The third step in land patenting is the survey. The survey certificate includes a plat drawing and a description of the property. Surveys could be traded, sold, or reassigned any time during the patenting process. Researchers should check the back of the survey document for possible assignments.
The Jackson Purchase is the only area in Kentucky mapped in ranges, townships, and sections. The remainder of the state used the metes and bounds system. 'Metes' defines distance, usually in poles. 'Bounds' defines the next corner or point. Trees, stakes or rocks are frequently cited in the survey description. Each survey includes the following information:
Name of person having survey made
County in which land is located
Type and identification number of warrants along with previous owner of warrant, if applicable.
Metes & Bounds description, often includes adjacent property owners (joiners)
Date of survey
Signature of surveyor (DS = Deputy Surveyor; SFC = Surveyor Fayette Co.)
Names of surveying party (CC or CM = Chain Carriers or Chainmen Mk = Marker of trees or corners; Hk = Housekeeper); Director or Pilot of Survey (usually the Housekeeper)
The back of the survey may include assignments, the patent number, and the date of grant issuance.
1 pole or 1 rod = 16.5 feet or 25 links
1 link = 0.66 feet or 7.92 inches
1 chain=100 links, 4 rods or 66 feet
80 chains = 1 mile, 320 rods, 1760 yards or 5280 feet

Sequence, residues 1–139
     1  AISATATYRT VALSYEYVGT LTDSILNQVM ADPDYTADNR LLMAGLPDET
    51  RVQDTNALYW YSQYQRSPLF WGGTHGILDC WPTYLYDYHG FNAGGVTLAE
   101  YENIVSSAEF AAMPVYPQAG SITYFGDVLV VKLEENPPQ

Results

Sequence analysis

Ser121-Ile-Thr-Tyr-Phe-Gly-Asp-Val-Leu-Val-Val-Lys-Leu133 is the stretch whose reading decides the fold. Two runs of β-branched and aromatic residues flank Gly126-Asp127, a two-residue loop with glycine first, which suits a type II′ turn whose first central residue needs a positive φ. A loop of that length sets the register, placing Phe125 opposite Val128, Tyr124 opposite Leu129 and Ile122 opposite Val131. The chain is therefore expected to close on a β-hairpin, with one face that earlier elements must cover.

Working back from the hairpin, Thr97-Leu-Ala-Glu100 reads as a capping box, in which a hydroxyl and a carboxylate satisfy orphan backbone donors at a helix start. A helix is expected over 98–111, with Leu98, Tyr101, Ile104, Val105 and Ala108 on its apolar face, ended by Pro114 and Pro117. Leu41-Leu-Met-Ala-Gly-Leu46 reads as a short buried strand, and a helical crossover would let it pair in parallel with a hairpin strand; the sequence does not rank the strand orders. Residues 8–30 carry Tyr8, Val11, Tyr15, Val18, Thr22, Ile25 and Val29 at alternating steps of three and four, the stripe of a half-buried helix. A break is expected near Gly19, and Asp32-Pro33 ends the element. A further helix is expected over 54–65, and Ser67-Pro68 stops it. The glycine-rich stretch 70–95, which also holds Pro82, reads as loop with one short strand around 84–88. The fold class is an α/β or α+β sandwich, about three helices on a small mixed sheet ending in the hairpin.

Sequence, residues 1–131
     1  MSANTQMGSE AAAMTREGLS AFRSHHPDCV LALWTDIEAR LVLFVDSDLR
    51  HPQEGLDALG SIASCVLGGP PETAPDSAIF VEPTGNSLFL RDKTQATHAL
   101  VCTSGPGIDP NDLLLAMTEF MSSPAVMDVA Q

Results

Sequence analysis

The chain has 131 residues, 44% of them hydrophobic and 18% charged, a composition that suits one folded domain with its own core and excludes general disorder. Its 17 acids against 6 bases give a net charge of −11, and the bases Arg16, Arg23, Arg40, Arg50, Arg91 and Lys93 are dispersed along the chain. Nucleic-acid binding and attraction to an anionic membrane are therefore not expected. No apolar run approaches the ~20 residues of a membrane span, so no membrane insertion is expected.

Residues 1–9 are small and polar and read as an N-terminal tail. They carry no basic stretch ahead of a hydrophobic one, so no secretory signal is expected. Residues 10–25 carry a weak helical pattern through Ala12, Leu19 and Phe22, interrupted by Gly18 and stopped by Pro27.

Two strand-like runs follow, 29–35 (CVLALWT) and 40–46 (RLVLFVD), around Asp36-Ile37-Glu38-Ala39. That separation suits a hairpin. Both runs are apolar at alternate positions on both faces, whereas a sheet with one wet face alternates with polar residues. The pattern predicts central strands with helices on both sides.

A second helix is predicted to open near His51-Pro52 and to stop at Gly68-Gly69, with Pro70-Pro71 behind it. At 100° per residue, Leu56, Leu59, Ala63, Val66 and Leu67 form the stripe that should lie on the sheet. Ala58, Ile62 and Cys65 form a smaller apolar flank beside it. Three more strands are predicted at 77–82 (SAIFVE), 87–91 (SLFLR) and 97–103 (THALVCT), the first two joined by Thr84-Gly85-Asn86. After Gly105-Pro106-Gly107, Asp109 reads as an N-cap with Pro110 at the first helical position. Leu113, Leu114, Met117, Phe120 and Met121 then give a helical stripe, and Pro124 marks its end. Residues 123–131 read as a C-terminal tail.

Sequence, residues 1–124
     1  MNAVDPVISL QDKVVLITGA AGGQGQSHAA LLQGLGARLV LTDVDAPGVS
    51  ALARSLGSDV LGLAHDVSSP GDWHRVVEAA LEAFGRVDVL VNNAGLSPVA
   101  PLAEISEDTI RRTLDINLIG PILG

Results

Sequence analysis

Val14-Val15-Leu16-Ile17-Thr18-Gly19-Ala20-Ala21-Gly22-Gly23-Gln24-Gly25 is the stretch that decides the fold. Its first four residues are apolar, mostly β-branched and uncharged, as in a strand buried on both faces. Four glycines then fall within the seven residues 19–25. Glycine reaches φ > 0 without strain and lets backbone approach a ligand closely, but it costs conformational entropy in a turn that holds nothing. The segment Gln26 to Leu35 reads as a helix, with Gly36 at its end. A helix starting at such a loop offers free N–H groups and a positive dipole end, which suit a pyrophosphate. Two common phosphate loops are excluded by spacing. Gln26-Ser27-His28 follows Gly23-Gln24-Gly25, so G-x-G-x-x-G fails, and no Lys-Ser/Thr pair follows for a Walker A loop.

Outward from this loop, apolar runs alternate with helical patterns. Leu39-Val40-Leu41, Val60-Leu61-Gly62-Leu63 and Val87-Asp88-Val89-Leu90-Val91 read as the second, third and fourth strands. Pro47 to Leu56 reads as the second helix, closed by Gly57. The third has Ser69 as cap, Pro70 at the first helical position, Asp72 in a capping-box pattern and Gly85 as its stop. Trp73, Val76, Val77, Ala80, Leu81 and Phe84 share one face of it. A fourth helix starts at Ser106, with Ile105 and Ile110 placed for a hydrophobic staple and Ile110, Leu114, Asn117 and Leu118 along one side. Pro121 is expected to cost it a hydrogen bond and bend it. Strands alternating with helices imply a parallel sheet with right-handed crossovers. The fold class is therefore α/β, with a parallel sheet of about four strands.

1 acre = 10 sq. chains, 160 sq. rods, 4840 sq. yards, or 43,560 sq. feet
1 square mile = 1 section of land or 640 acres
Township = 36 sq. miles (36 mile sq. sections)
Surveys depict the tract being patented . The surveyor may include notations of historical interest. For example, on June 3, 1785, Daniel Boone, deputy surveyor of Fayette County, plotted a tract for John Ellis "by virtue of a certificate granted by the commissioners on account of corn made in the year 1776."
Under the Virginia Land Law of 1779, a Fincastle/Kentucky County, Virginia, resident prior to January 1, 1778 could purchase a 400 acre Certificate of Settlement if he or she had built a cabin or planted a crop. An additional 1,000 acres adjacent to the settlement tract could be patented by purchasing a Preemption Warrant.
The Jackson Purchase in Western Kentucky was mapped in townships, ranges and sections by William Henderson in 1820.
Surveyors and engineers were among Kentucky's first historians. Countless entries and survey descriptions include notations and drawings of great importance to the history of the Commonwealth. The Wilderness Road (or Old Trace), for example, is depicted by drawings of footprints on early surveys. Daniel Boone is one of many surveyors who worked the Kentucky frontier. Others, to name a few, included John Floyd, William Preston, John Crooke, William Croghan, Richard Anderson, Robert Todd, James Thompson, Thomas Marshall, and George May.